Note: This is an article in our Social Web Business Case Studies series, a close look at the strategies of innovative companies that are using the tools of the social web to transform their industries.
With just about everyone in agreement that the future of computing is “in the cloud,” the personal cloud storage market, encompassing such services as Apple’s iCloud, Google Drive and Windows SkyDrive, will only continue to heat up in the next couple of years.
Although there are some distinctions, such as file clouds, device clouds and app clouds, cloud storage as a whole refers to a model in which users store their personal files on remote servers and can access them anywhere they have an internet connection.
One of the major players in this market is Dropbox, a company whose software gives users a special folder on their computer that automatically syncs with the Dropbox “cloud.”
You can open and modify your files on your computer just as though they were stored locally, but you can also access them through the Dropbox web interface by signing in with your username and password. You can also sync your files to your smartphone or tablet and invite others to view and change particular files.
A Look at Dropbox’s Pricing Structure
The pricing model of Dropbox is an interesting one, as they offer a fully-featured free account with 2GB of storage.
Users are encouraged to upgrade to the Pro service, where they can choose from a 100GB plan for $9.99/month or $99/year; 200GB for $19.99/m or $199/y; and 500GB for $49.99/m or $499/y. There is also an upsell for a $39.99/y “Pack Rat” feature that provides unlimited old versions of files in case you want to undelete something or refer to earlier versions.
Is Free a Legitimate Business Model?
2GB is a lot of space, enough for storing just about all of the personal documents most people need with a little left over some photos or songs. Because of this, a staggering 96% of Dropbox users simply stick with the free service and never pay Dropbox a dime.
All of the server space used by the overwhelming percentage of free users costs the company money, so how can they afford to offer this free account?
Dropbox’s is a classic example of the “freemium” business model, one in which a product or service, usually digital, is given to users free of charge, with a fee for additional features or in this case, storage space.
Freemium is a risky business model in which a certain percentage of free users must convert to paid users and join the usually tiny percentage who pay from the start. Dropbox and other freemium services must provide an excellent user experience and an appeal that will grow on users over time. In this respect, Dropbox is well-positioned.
First, the convenience of accessing all of your personal documents, photos, videos, movies and more on any device is a strong draw. Dropbox isn’t the only company that can offer this, but once you sign up and spend time getting used to the service, it’s likely you will want to continue once you hit your 2GB cap. It is at this point that Dropbox is particularly effective. In addition to purchasing the Pro options, free users are also encouraged to refer friends in exchange for an extra 500 MB of storage (up to 16GB).
Dropbox Marketing and The Viral Social Effect
A major strategy of many freemium online services is to spend little, if anything, on marketing.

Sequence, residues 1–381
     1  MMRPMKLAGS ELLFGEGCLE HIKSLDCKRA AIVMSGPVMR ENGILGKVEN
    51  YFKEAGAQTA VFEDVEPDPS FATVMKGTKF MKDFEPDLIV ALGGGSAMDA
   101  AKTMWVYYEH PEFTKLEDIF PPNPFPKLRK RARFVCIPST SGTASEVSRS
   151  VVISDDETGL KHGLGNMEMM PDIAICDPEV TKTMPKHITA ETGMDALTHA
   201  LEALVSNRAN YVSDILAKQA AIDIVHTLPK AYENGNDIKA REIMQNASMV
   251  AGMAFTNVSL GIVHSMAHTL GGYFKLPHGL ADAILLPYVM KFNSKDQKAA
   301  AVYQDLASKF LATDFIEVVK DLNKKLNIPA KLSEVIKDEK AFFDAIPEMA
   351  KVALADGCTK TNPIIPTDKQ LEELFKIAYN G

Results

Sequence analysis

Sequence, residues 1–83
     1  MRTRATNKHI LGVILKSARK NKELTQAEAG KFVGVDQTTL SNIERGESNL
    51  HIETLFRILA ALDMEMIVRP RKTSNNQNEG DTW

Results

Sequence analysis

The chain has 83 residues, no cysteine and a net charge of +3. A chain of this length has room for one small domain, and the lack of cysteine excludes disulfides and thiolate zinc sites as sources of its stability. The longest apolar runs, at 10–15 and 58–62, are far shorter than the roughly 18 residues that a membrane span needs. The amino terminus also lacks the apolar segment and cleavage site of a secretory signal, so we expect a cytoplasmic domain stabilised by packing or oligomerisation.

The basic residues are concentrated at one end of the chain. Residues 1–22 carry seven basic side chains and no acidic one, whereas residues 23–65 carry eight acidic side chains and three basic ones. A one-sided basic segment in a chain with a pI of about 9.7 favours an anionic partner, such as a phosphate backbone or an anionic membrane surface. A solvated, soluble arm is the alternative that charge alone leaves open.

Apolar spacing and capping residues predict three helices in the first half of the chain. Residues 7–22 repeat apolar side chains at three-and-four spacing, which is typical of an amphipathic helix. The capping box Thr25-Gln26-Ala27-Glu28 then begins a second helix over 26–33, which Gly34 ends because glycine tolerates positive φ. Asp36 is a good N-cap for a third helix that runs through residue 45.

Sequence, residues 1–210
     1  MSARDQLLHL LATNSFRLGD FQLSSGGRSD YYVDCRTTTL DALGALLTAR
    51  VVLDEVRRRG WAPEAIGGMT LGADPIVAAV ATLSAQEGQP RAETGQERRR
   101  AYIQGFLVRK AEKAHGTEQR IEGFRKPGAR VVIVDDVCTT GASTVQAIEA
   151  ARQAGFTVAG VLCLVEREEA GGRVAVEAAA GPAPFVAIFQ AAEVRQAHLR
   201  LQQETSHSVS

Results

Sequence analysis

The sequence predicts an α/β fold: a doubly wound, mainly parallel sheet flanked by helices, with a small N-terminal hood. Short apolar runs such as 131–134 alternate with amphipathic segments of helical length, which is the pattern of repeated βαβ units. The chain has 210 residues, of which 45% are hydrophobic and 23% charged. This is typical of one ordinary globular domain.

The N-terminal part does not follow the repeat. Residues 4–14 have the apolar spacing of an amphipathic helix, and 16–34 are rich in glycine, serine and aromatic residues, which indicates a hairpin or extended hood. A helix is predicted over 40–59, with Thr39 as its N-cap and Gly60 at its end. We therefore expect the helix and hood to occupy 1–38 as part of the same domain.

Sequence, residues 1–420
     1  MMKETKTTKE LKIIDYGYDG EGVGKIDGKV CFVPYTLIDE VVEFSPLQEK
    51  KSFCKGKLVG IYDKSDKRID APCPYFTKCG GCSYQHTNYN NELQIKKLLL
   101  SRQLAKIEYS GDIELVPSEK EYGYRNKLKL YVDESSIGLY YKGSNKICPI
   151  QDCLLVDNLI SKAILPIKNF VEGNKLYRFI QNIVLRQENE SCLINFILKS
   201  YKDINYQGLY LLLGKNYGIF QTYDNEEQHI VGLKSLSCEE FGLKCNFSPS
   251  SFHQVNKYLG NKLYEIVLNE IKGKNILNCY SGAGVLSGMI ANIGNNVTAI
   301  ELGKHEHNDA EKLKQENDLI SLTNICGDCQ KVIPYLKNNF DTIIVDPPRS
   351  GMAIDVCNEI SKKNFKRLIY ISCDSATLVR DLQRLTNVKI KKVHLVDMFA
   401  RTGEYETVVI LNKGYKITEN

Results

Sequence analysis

Instead, in this case, Dropbox would consider the storage space offered to free users as a marketing expense. This marketing, however, is much more effective than banner ads or a TV commercial because it gets people using the product and makes them much more likely to start paying once they see how much they like it.
In addition, the referral system is an ingenious way to use word-of-mouth social marketing to get new user signups, and Forbes reported that this system still drives one-quarter of all new customers.
Other points that help explain Dropbox’s success include the fact that shared Dropbox folders are extremely convenient for group projects, and all parties must obviously be Dropbox users in order to participate.
Also, not many users convert to paid customers quickly, but it is important to remember that many free users use much less than their whole 2GB of space. For those who do stay on for longer and store more of their files using Dropbox, the conversion rate is much higher. In other words, the perceived value increases the longer they use it.
Dropbox’s Prospects in the Cloud Storage Market
Personal cloud storage is a crowded market, and Dropbox faces plenty of competition including huge players such as Apple, Google and Microsoft. Security is perhaps the biggest concern in cloud storage, and Dropbox needs to establish itself as a safe place to store files and a brand name users can trust. Last year a security breach exposed a small number of Dropbox account passwords, and CEO Houston apologized swiftly: “’I cannot express how deeply sorry I am,’ he e-mailed the exposed users, appending his personal cellphone number. ‘Dropbox is my life.’”
Finally, Dropbox is negotiating deals with phone companies in order to make Dropbox the default cloud storage service for their phones, including HTC. And a growing enterprise service is attempting to sway companies into using Dropbox for business as well as personal needs.
Although profit numbers are closely guarded, it is clear that Dropbox is doing well, as they were reported to hit around $100 million in revenue for 2011, and a recent venture round gave a valuation of $4 billion.
How do you think Dropbox measures up to other personal cloud storage providers?
Andrew Walsh is the owner and editor of Social Web Q and A. He is a freelance writer, academic librarian and web entrepreneur. Check out his book Savvy for the Social Web.